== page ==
|Comparative military ranks|
Lieutenant(abbreviated Lt, LT (U.S.), LT(USN), Lieut and LEUT, depending on nation) is a commissioned officer rank in many English-speaking nations' navies and coast guards. It is typically the most senior of junior officer ranks. In most navies, the rank's insignia may consist of two medium gold braid stripes, the uppermost stripe featuring an executive curl in many Commonwealth of Nations; or three stripes of equal or unequal width.
The now immediately senior rank of lieutenant commander was formerly a senior naval lieutenant rank. Many navies also use a subordinate rank of sub-lieutenant. The appointment of "first lieutenant" in many navies is held by a senior lieutenant.
This naval lieutenant ranks higher than an army lieutenants; within NATO countries the naval rank of lieutenant is a OF-2 and is the equivalent rank of an army captain. Other nations will use a naval lieutenant rank equivalent to an army lieutenant.
From at least 1580,the lieutenant on a ship had been the officer immediately subordinate to the captain. Before the English Restoration, lieutenants were appointed by their captains, and this inevitably led to abuses and to the widespread appointment of men of insufficient qualification. In 1677, Samuel Pepys, while he was Chief Secretary to the Admiralty, introduced the first examination for lieutenant, and thereafter their seniority was dated from the passing of this examination.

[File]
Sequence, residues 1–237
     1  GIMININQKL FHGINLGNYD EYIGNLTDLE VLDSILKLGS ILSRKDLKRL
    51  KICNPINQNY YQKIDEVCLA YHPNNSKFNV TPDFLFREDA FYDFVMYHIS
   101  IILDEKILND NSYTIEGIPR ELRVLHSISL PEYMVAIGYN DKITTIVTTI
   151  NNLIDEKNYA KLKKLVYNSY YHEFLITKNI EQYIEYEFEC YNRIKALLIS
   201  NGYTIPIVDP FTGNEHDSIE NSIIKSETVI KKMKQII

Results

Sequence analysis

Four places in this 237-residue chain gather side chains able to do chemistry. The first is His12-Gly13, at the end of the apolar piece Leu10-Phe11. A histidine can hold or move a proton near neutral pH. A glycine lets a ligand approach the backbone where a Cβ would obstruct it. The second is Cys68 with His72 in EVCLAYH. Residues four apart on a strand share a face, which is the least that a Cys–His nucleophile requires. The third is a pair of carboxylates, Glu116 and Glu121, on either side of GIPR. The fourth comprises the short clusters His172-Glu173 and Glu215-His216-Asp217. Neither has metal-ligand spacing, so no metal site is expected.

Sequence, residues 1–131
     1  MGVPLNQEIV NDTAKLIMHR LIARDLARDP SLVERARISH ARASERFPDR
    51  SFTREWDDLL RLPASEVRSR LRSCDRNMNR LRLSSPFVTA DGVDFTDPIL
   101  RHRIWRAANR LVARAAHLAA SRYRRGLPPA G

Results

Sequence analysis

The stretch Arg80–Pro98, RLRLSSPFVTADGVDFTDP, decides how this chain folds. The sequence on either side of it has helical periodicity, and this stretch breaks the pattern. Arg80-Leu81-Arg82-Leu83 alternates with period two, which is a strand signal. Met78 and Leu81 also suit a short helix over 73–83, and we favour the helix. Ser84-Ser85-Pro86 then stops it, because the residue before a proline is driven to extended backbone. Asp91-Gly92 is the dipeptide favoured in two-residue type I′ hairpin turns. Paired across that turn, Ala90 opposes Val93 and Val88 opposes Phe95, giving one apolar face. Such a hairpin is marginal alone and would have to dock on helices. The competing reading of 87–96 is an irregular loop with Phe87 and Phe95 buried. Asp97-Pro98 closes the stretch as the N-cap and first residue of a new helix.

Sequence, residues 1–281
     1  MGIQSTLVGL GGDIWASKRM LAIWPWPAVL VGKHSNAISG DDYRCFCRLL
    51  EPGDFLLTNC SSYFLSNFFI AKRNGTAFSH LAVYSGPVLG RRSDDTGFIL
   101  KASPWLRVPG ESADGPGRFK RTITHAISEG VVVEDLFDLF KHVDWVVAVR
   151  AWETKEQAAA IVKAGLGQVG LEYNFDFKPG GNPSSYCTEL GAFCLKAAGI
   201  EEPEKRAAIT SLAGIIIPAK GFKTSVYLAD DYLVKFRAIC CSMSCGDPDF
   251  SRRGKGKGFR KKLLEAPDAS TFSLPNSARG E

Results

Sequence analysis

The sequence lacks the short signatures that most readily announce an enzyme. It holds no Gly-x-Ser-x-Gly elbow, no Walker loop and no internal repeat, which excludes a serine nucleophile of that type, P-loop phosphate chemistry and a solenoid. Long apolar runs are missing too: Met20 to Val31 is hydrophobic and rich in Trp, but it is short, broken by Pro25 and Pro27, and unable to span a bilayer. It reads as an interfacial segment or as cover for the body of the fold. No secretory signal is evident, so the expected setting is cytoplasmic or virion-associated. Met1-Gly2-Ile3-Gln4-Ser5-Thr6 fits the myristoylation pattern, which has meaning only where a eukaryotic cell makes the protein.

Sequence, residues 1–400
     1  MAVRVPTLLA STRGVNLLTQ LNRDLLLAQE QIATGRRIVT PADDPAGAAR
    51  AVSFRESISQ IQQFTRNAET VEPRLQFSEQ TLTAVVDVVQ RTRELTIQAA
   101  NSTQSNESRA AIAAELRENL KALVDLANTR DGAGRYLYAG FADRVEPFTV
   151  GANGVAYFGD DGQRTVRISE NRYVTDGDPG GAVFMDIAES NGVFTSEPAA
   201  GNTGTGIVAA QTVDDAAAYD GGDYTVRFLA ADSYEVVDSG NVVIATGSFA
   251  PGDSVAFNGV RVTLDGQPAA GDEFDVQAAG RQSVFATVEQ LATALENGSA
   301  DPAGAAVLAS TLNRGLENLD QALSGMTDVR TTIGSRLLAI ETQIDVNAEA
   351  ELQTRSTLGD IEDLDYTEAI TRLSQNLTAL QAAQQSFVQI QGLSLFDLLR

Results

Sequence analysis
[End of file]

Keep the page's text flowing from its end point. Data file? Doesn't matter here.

A lieutenant was numbered by his seniority within the ship on which he served, so that a frigate (which was entitled to three) would have a first, a second, and a third lieutenant. A first-rate ship was entitled to six, and they were numbered accordingly. At first, a lieutenant's commission was given only for the particular ship in which he served, but after the loss of HMS Wager in 1741 and the subsequent mutiny, the Royal Navy changed its policy and lieutenants were given more general commissions upon passing their examination.
During the early days of the naval rank, some lieutenants could be very junior indeed, while others could be on the cusp of promotion to captain; those lieutenants ranged across present-day army ranks from a second lieutenant through to a lieutenant colonel. As the rank structure of navies stabilized, and the ranks of commander, lieutenant commander, and sub-lieutenant (or lieutenant, junior grade in the U.S. services) were introduced, the rank of naval lieutenant became less wide-ranging and is today the equivalent of an army captain.
In the United States Navy, promotion to lieutenant is governed by United States Department of Defense policies derived from the Defense Officer Personnel Management Act (DOPMA) of 1980. The United States Coast Guard follows the same policy regarding promotion to lieutenant. DOPMA guidelines suggest that at least 95% of lieutenants (junior grade) should be promoted to lieutenant after serving a minimum of two years at the lower rank.[ citation needed ]